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Russians Take To The Streets In Nationwide Anti-Government Protests

Riot policemen detain a journalist during a protest rally in St. Petersburg, on Sunday, where thousands crowded in for an unsanctioned protest against the Russian government. Dmitri Lovetsky/AP hide caption

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Dmitri Lovetsky/AP

Riot policemen detain a journalist during a protest rally in St. Petersburg, on Sunday, where thousands crowded in for an unsanctioned protest against the Russian government.

Dmitri Lovetsky/AP

In a rare show of force, thousands of Russians took to the streets of Moscow and other cities in the biggest anti-government protests in years.

In Moscow, police arrested hundreds of demonstrators, including prominent Russian opposition leader and anti-corruption activist, Alexei Navalny, who orchestrated the uprising. On Monday, officials announced that Navalny will serve a 15-day jail term, saying that he disobeyed police.

"Under laws passed in the wake of anti-government protests in 2011, Russians must request protests be sanctioned by the government or face imprisonment and fines," reporter Charles Maynes tells NPR from Moscow.

Maynes adds, "Police report over 600 were detained over the rallies — but human rights groups say the number is higher."

As for the Kremlin's reaction, presidential spokesman Dmitry Peskov said the protests were "instigated" by organizers and were carried out by misguided people.

"We cannot respect those who deliberately misled underage minors promising them some payment in return for participating in an unauthorized protest, thereby exposing them to danger," Peskov said, according to state-run news agency Tass.

The crowds gathered to protest government corruption, with many people calling for Prime Minister Dmitry Medvedev's resignation.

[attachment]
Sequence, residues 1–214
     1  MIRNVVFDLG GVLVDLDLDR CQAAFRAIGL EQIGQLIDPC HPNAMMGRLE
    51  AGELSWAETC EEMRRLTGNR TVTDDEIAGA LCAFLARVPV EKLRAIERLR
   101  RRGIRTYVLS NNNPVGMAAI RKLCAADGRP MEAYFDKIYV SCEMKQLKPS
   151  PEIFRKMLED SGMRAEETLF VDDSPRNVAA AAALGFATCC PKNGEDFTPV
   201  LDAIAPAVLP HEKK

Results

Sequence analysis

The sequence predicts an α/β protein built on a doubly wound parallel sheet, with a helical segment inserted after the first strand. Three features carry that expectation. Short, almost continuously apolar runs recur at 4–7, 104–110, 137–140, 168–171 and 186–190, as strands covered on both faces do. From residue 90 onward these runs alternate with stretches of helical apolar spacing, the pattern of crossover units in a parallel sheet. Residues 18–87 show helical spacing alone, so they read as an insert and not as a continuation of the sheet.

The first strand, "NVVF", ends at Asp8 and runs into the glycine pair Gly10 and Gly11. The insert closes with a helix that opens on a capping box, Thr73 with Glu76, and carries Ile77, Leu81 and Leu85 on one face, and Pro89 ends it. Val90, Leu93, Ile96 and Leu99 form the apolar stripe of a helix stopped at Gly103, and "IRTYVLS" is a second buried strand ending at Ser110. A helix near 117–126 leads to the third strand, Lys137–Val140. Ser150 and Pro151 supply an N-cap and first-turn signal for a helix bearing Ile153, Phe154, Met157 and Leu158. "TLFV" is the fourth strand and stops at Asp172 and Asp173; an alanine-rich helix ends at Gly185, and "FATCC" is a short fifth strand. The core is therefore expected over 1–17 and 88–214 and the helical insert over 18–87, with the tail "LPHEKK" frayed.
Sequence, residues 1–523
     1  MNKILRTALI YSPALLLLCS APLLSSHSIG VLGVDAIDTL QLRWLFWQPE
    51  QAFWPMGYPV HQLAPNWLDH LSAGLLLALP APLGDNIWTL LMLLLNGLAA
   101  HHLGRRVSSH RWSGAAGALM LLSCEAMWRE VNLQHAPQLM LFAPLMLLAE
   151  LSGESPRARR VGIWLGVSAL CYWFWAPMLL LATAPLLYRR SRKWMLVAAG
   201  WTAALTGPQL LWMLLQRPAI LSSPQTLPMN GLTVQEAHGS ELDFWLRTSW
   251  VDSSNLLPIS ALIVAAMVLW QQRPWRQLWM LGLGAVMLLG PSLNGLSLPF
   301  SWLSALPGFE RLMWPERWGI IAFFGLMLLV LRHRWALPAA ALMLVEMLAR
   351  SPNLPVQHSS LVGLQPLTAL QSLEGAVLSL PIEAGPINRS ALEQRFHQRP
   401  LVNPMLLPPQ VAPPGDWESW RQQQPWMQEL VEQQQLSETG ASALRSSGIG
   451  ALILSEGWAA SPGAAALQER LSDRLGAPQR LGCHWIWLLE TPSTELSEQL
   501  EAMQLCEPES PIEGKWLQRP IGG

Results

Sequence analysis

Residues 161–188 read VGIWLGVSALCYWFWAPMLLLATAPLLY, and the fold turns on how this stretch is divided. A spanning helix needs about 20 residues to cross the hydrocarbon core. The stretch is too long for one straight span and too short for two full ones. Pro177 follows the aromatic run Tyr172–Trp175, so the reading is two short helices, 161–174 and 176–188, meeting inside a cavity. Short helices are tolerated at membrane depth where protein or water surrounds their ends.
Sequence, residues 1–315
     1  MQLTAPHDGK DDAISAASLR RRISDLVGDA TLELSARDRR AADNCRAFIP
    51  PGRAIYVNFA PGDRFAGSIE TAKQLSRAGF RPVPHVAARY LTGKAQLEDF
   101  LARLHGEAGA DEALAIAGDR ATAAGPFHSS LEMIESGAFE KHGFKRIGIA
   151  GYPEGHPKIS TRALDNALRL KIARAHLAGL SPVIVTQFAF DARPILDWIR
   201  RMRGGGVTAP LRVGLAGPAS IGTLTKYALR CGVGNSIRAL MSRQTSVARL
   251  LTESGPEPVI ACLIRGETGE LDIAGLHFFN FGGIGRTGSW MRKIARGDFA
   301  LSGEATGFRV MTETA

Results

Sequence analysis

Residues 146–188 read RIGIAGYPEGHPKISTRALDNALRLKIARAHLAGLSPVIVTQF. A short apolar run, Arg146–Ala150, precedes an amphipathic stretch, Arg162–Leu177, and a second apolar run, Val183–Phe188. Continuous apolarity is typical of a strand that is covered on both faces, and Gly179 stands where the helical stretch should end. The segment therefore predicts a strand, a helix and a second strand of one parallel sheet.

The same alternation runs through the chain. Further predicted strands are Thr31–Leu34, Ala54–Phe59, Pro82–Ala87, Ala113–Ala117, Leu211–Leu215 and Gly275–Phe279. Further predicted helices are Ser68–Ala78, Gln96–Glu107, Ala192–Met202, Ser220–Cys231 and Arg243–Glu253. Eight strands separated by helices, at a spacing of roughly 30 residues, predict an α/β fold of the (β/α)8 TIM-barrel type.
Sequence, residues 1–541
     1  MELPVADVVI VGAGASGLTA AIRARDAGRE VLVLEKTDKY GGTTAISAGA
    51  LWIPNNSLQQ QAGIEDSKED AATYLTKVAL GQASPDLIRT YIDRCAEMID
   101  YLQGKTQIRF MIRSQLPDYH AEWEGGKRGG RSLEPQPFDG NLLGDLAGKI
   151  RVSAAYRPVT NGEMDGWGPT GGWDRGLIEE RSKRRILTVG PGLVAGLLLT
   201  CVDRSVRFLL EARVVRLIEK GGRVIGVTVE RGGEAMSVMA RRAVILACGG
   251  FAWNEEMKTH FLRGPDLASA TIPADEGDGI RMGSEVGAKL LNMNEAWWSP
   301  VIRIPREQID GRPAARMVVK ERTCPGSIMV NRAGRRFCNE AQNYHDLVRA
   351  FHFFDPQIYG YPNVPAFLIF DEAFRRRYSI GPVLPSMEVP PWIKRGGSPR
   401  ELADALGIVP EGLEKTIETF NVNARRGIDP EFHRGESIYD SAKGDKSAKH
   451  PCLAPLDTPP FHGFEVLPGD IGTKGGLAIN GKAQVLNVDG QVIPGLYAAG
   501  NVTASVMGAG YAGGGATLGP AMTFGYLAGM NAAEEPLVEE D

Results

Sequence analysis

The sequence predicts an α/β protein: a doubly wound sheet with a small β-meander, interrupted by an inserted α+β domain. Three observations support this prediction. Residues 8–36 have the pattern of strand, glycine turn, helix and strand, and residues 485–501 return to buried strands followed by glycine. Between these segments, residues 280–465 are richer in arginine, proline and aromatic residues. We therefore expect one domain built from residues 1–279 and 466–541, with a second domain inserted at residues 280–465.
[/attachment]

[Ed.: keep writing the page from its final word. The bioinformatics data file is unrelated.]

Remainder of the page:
Navalny had called for nationwide protests after publishing an investigation earlier this month alleging mass corruption charges against Medvedev, whose large fortune far exceeded his position's salary.

At least 500 demonstrators were arrested in Moscow, reporter Charles Maynes tells NPR, among the tens of thousands who turned out nationwide — despite warnings from authorities that protesters would face fines and arrest for taking part in the illegal protest.

"There were reports of 2,000 people showing up in Novosibirsk in Siberia, we had 10,000 in St. Petersburg, the estimates here in Moscow are about 20,000," he says.

But Navalny saw little of the protest he organized. Maynes says "Riot police detained the opposition leader as soon as he arrived in downtown Moscow, with Navalny supporters briefly attempting to pry open the police van that held him," in the capital's iconic Pushkin Square.

A total of 17 employees with Navalny's Anti-Corruption Foundation, were also arrested, the foundation's director and press secretary Roman Rubanov tells Reuters. The AP cites sporadic scuffles, most notably, "a gray-haired man whom police dragged along the pavement."

Russian state media, meanwhile, mostly ignored the day's events, save for earlier cursory coverage, and no comments have been reported from top Russian politicians.

Following criticism of the Trump administration's silence on Sunday's crack down, the State Department condemned the arrests by evening, calling the move "an affront to core democratic values." Spokesman Mark Toner said "the United States will monitor this situation, and we call on the government of Russia to immediately release all peaceful protesters," adding that Washington was "troubled" to hear of the arrest of Russian opposition figure Alexei Navalny.

Sunday amounts to "the biggest show of defiance since the 2011-2012 wave of demonstrations that rattled the Kremlin and led to harsh new laws aimed at suppressing dissent," says the AP. At the time, President Vladimir Putin accused then Secretary of State Hillary Clinton of inciting the protests.

Navalny is also credited with instigating those demonstrations, when he first rose as an anti-Kremlin threat through his blog and social media. As NPR's Lucian Kim reported, "he called on Russians to go out on the street and protest voter fraud in the parliamentary elections."

A fierce Putin critic, Navalny plans to run for president next year, when Putin's term ends. Putin is expected to run for a fourth term.

But last month, Navalny was found guilty of embezzlement in a case he claims is politically charged to disqualify him from running for president.

Though the candidate is essentially barred from state media coverage, as reporter Charles Maynes says, his heavy internet presence appears to be helping him use his anti-corruption message to expand his base, and attract younger crowds.

"Navalny has united people who think the same; that people don't agree with the authorities is obvious from what is going on in the country today," 19-year-old Anna Ivanova told the AP at the Moscow demonstration. "I am a bit scared."